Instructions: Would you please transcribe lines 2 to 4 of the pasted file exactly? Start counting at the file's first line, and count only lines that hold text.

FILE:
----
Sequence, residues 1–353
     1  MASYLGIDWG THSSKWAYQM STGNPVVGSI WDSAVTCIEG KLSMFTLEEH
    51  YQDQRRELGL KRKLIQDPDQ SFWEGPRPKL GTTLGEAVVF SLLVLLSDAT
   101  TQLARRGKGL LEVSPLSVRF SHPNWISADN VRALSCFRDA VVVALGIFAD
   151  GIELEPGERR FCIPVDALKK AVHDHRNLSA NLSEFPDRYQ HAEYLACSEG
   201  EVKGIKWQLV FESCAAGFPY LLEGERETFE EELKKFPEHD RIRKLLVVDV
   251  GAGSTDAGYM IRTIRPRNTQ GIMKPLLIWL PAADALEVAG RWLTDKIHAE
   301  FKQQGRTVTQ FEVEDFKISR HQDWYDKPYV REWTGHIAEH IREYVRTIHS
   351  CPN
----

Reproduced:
     1  MASYLGIDWG THSSKWAYQM STGNPVVGSI WDSAVTCIEG KLSMFTLEEH
    51  YQDQRRELGL KRKLIQDPDQ SFWEGPRPKL GTTLGEAVVF SLLVLLSDAT
   101  TQLARRGKGL LEVSPLSVRF SHPNWISADN VRALSCFRDA VVVALGIFAD